ChatGPT and AI are hot topics on everyone’s lips at the moment. Although we very much live in a digital word, as PRs and Comms specialists, these terms and trends have historically felt a million miles away from the day-to-day work we do – but not anymore. Although still in its early stages, ChatGPT is predicted to become a vital tool within business. So what actually is it, and will it transform the world of PR?
Back to basics – what is ChatGPT?
Launched in November 2022, ChatGPT is an artificial intelligence chatbot trained to follow instructions and create detailed responses. Similar to Google in that both provide the end user with information, ChatGPT offers human-like responses in the form of a two-way dialogue rather than just presenting information in the way Google does. In just five days after its launch, it reached one million users (in comparison, it took Netflix 3.5 years, and Instagram 2.5 months to reach the same level).
Creators claim that the human-like interactions along with 24/7 availability will boost customer and consumer satisfaction. As the chatbot can be programmed to produce a specific writing style or tone of voice, many claim that it will be able to write copy, produce content, and ultimately generate a number of different marketing assets. Although on the surface this may seem like a benefit, we still believe that the human touch is of utmost importance when producing copy and communications.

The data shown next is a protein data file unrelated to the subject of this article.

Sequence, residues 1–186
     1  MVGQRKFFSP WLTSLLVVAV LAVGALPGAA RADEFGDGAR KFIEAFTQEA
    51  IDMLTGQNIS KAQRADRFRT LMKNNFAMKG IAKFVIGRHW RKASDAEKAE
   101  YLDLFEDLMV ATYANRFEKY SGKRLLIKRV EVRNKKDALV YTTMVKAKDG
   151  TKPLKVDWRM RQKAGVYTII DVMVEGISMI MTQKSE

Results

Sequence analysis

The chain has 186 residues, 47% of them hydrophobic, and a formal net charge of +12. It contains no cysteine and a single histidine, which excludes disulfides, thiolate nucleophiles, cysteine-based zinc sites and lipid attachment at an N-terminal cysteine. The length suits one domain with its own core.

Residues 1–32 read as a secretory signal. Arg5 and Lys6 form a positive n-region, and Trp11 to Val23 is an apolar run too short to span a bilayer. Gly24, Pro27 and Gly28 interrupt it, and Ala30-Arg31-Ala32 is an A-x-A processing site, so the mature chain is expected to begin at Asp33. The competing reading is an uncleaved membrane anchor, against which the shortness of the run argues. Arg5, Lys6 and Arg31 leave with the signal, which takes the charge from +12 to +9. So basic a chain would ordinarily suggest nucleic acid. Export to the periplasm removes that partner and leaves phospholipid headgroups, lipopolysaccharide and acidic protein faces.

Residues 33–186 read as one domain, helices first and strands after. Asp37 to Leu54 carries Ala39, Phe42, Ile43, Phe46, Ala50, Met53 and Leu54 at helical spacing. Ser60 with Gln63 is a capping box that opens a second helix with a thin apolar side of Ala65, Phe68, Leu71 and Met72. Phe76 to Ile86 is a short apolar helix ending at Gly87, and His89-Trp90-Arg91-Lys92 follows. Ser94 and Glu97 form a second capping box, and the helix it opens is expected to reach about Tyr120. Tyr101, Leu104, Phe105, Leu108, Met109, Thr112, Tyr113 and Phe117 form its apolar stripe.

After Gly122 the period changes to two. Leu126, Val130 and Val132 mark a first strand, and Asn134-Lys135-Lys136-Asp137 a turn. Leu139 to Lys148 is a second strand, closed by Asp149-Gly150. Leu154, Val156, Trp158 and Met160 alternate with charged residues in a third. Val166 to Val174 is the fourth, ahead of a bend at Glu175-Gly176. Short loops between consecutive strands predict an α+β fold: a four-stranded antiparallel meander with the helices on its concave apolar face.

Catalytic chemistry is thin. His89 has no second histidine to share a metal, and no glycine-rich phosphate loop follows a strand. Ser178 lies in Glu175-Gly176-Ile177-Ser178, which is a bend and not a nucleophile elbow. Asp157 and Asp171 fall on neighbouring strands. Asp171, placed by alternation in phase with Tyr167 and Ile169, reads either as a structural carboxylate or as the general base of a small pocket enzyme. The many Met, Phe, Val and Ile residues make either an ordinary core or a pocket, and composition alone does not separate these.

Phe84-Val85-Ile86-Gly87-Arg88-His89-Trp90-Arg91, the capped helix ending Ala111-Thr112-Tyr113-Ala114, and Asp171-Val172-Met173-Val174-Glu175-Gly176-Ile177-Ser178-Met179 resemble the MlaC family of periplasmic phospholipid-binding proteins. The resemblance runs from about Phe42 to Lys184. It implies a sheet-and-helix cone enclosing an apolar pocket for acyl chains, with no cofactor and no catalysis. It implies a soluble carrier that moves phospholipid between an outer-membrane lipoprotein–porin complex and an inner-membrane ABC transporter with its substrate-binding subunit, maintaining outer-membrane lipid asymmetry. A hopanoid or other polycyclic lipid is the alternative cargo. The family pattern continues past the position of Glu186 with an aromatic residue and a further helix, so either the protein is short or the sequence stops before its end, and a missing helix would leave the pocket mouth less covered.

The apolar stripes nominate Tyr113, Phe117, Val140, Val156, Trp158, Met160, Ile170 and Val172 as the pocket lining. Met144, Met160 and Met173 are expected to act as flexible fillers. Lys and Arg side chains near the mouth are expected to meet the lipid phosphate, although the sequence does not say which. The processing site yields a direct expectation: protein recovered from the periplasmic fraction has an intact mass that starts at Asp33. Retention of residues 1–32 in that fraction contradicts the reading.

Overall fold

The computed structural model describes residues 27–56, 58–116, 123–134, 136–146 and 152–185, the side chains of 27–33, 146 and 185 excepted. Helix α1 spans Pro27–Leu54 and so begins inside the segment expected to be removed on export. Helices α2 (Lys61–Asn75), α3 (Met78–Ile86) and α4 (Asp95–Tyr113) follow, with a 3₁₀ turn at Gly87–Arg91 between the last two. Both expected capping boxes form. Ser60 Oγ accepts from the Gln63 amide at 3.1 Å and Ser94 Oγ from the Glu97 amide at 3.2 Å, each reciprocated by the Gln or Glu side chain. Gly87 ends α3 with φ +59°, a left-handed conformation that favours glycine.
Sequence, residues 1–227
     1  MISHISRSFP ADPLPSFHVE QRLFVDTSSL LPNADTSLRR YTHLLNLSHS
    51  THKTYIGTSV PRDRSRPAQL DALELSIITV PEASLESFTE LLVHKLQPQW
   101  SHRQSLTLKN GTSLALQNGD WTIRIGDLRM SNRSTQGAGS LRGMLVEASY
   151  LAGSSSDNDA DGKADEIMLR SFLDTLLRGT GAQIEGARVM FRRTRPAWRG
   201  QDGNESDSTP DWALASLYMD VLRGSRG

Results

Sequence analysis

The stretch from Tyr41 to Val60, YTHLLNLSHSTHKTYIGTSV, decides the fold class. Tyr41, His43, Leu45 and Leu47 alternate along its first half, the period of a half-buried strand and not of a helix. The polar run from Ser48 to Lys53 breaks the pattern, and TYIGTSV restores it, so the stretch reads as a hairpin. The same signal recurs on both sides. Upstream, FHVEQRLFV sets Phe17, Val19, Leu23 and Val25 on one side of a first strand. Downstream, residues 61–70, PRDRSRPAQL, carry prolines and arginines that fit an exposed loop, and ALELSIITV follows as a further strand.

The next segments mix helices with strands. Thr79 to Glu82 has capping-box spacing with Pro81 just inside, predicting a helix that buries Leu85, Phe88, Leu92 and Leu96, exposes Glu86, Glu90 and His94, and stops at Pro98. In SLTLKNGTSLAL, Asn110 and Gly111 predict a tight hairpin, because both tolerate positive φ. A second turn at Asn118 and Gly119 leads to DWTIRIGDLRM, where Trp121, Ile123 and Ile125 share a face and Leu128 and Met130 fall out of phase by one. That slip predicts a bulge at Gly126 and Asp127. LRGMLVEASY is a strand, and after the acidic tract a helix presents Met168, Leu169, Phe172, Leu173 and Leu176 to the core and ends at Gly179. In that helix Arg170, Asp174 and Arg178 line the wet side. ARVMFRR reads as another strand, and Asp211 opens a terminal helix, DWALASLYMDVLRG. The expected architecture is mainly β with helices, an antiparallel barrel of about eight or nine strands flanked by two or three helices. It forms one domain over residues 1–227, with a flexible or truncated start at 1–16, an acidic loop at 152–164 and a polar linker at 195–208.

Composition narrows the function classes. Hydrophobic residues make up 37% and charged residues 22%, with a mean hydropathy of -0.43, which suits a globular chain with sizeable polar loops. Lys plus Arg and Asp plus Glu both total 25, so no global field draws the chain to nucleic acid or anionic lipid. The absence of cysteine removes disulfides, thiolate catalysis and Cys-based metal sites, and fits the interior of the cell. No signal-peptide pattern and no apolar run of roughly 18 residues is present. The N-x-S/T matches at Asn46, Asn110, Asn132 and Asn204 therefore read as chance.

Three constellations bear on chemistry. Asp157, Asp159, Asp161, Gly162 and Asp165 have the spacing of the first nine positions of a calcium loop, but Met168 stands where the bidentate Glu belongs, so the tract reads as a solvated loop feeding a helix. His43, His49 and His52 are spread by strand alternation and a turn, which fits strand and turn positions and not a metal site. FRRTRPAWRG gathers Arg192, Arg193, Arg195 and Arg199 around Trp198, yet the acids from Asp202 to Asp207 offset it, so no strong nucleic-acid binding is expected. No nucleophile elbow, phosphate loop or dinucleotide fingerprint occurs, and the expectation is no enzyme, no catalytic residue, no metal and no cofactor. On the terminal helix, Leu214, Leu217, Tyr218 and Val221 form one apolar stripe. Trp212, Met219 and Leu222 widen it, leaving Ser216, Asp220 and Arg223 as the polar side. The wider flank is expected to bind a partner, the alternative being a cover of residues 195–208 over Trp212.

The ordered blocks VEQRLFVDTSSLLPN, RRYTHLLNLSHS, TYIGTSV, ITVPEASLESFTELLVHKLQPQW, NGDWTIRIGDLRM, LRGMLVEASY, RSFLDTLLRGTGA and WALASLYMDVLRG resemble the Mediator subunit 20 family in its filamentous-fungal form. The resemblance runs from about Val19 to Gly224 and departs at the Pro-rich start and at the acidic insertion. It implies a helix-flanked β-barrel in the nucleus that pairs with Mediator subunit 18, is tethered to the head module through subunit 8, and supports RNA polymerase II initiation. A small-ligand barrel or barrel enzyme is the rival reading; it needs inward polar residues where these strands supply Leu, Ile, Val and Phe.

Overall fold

The importance of humans
There’s a sub-heading I never thought I’d write. Clearly, there are many benefits to AI and ChatGPT within science and tech, but when it comes to marketing, the human touch is so vital. Although ChatGPT may be beneficial to initially brainstorm some basic ideas or for those who may be new to marketing, it doesn’t seem to be creating any new or ground-breaking content. As the end user, humans crave authenticity which is something ChatGPT is lacking and I have seen many marketers on Linkedin criticising the chatbot calling its content ‘vanilla’ and ‘basic’, and ultimately appearing to be lacking in creativity.
Not only that, but across all industries, individuals make decisions based on prior experience and expertise. Plus, bringing together a group of experts into a room all with a range of different personal experiences helps to make much more rounded and logical decisions. Although a machine that creates copy may be useful and timesaving, it will never produce the same results as a group of experts having a creative brainstorm.
It is also important to recognise that humans don’t just communicate through speech and text. Body signalling can portray an array of emotions, giving you a true understanding of someone’s reaction in a way that AI cannot currently determine. If I learnt anything from the pandemic, it was the importance of human and social interaction, and working with robots can encourage isolation and an array of psychological issues.
So, are PRs being replaced with robots?
In the short term, the answer is no. With the Financial Times recently hiring its first Artificial Intelligence editor, it is clear that there is still a demand for good journalism. At CobbPR, we have adapted our ways of working many times from when we were first founded in 1995, from sending out press releases by post and fax to navigating the new digital world (in the words of our MD Tim Cobb, “when the first email arrived, I wondered what on earth I was supposed to do with it”). Although we may see AI being incorporated into our day to day lives and see a number of new benefits arising, in PR, creating solid stakeholder relationships are of utmost importance and are not something that a machine can automate.
So for now, we are here to stay.